Monthly Archives: February 2007

Berliners, Ideas & Remixology

I’ve been to Berlin, and returned, despite having an extremely dodgy passport. I’ll write about it further at a later time, but I’ve completely fallen in love with the place. With the atmosphere, the people, the “way things work” as well as the rich artistic and cultural feeling that seems to spread from each corner of a block to the next. Since being there and returning I think I’ve been riding on a wave of positivity and free flowing ideas – a much needed boost.

Trickles on Monument. The full title of the monument is “The Monument to the Murdered Jews of Europe”; it was one of the places in Berlin that affected me greatly. Opened in 2005 the monument is made from 2,700 stone slabs near the Brandenburg gate, arranged into geometric lines and rows, but each stone is slightly ‘awkwardly’ set in the ground, creating an uneasy contrast. An amazing places that I recommend anyone visit.

Whilst abroad I discovered the saga of naming my University course “Interactive Arts” (apparently the advent of that name brought significant extra funding – at the time). I thought it would be cool to set up some kind of forum (more of a list though) whereby students can record what they would refer to the course as, at any given time that they choose. The result would be an ever evolving list of creative titles or labels – potentially a fantastic source of inspiration. A bit silly on the face of it, but I think it could be really useful. Digital or paper?

Another thing I thought would be interesting to do, would be collate everybody’s photographs of Berlin and arrange them so that any photos of the same object or place are grouped together. It would be really nice to see all the pictures together, but also interesting to look at different individuals points of view. Probably logistically impossible.

The last idea is also probably impossible, but I’m trying to rationalise it and figure out a way that it could work on a relatively small scale. I’d like to create a system that would (ideally) have screens visible on all the extreme surfaces of a room. The easiest way to describe it would be to have a box room, with a desk and chair at its centre. The walls, ceiling, and potentially floor would have all their surfaces covered by screens. Next a location is chosen; it could be at the top of the Eifel tower, or Everest or in the centre of Bejing – anywhere. Now pre-recorded images & sounds are played from loudspeakers, and shown on the screen. The idea being that the person sat at the chair has a 360 degree audio-visual experience of what its like to be in that place. Far reaching; but I’m looking at it on a much smaller scale, using TV screens and my garden.

Also discovered an interactive control pad – the Lemur – which is another thing I’d like to create my own version of. I’m not sure I have the technology skills required though (the Lemur is made by one of the most forward looking, and advanced, technology houses in the world; Cycling 74). Its hard to explain, but you can watch a video of it in use by following this link; http://www.youtube.com/watch?v=0O70FrnH2JU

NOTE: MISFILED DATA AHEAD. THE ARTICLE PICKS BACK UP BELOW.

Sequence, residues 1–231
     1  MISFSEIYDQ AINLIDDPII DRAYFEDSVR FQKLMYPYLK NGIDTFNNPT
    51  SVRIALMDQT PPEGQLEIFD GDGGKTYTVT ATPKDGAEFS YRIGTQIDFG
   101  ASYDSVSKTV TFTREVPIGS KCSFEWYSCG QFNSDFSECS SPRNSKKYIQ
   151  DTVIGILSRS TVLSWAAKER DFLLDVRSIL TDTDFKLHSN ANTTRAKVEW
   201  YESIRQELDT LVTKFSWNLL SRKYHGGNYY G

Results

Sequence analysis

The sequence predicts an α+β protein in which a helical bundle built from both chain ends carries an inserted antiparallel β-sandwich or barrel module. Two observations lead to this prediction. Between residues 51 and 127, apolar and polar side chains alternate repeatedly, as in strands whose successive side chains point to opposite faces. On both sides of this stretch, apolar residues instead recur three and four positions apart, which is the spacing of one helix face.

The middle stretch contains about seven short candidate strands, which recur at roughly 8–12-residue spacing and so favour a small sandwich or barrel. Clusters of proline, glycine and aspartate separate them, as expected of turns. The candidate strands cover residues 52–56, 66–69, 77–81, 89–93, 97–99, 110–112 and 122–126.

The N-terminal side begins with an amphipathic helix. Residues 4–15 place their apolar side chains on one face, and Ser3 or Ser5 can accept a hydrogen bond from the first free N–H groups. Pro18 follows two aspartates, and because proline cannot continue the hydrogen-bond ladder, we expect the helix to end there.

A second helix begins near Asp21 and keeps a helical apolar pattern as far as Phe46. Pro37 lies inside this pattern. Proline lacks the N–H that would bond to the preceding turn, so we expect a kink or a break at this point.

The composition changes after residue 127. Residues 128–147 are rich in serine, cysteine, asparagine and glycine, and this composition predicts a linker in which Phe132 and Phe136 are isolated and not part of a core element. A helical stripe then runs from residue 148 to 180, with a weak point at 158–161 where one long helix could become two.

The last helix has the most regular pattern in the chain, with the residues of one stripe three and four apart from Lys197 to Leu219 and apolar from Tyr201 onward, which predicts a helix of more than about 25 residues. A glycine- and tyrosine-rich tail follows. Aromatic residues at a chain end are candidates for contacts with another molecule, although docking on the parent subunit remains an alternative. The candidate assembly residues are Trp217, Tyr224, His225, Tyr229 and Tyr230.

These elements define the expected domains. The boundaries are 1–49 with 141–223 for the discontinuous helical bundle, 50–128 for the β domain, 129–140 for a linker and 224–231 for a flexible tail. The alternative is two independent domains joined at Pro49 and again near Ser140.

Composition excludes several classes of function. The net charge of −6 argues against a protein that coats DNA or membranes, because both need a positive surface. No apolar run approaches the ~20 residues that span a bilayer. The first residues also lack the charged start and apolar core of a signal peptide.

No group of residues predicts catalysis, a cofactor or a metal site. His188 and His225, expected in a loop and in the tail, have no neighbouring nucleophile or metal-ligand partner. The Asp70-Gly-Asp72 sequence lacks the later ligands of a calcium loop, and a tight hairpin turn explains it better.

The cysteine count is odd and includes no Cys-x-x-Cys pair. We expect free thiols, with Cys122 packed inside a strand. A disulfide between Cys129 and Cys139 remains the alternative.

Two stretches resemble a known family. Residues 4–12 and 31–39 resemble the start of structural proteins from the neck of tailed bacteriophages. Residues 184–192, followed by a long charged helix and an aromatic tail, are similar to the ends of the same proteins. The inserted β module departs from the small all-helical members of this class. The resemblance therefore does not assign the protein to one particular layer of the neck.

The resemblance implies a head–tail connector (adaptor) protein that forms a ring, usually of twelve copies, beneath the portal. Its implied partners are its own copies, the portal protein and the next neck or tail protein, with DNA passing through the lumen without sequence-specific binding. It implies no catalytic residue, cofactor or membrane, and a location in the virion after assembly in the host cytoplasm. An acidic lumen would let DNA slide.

Made friends with Dan Staincliffe in Berlin, really like his work, check out these games; http://www.piczo.com/danielstaincliffe?cr=4&rfm=y

Dan’s Pigeons. One of Dan’s photographs taken with a mechanically triggered camera.

Entry or writers block?

I’ve often thought of writing critically about things in my journal, but then avoided it because I think the content isn’t relevant enough, or I can’t do it justice. I mentioned this in a journal workshop with 3rd year students, and the girl I spoke to simply said I should write about the inability to write.

So I’m giving it a go.

Mostly my reasoning has been routed in not thinking I, myself, am qualified to write about a particular subject. And in some cases I’ve just become frustrated by my own pompousness or submersion in doctoring my subjects with colourful language. The final convergence of thought that has put me off has been just thinking the subject matter is uninteresting; this includes topics such as Neighbours (the TV soap), children’s animation Charlie & Lola (which I saw at the Bradford animation festival), Google’s image editing software Picasa, Anthony Gormley’s Another Place, and so on. Of all those things I have opinions of them all, which to some extent I think would be useful for myself and others to consider. But maybe not quite as much as other topics and more to the point I believe that writing about other more obviously important things will probably leave more of an impact on the reader, or audience.

At this juncture I’m tempted to think this entry falls into the pitfalls I mentioned as reasons for not including several entries. I think my upbringing and frequent dinner table philosophical discourse as a child has left me with an avid appreciation of paradox. This in turn I think is fed by my own paranoid tendencies to think in circles.

It would be interesting to explore peoples’ cognitive processes in a work of art. In my case, here, thinking self-referentially, but it would be excellent to explore some common examples of traps. Maybe look at common dreams as a source?

Clean Sheets

Its a bit odd, for someone with a bed as unpleasant and messy as my own, but I really lust after the feeling of newsly laundered sheets that are freshly put on a bed.

Maybe I should have them more!

An ex-colleague of mine, Matthew McArdle, said he irons his sheets so they’re perfectly smooth.

Rotten Apples

Why does the iMac keyboard that I use to type not have a delete key? What is up with that? Backspace is fine, but I need to delete!

Incidentally – running Windows on MacOS seems to be a real reality now (if thats gramatical?) Maybe I should get a Mac next time I get a computer. In 2050.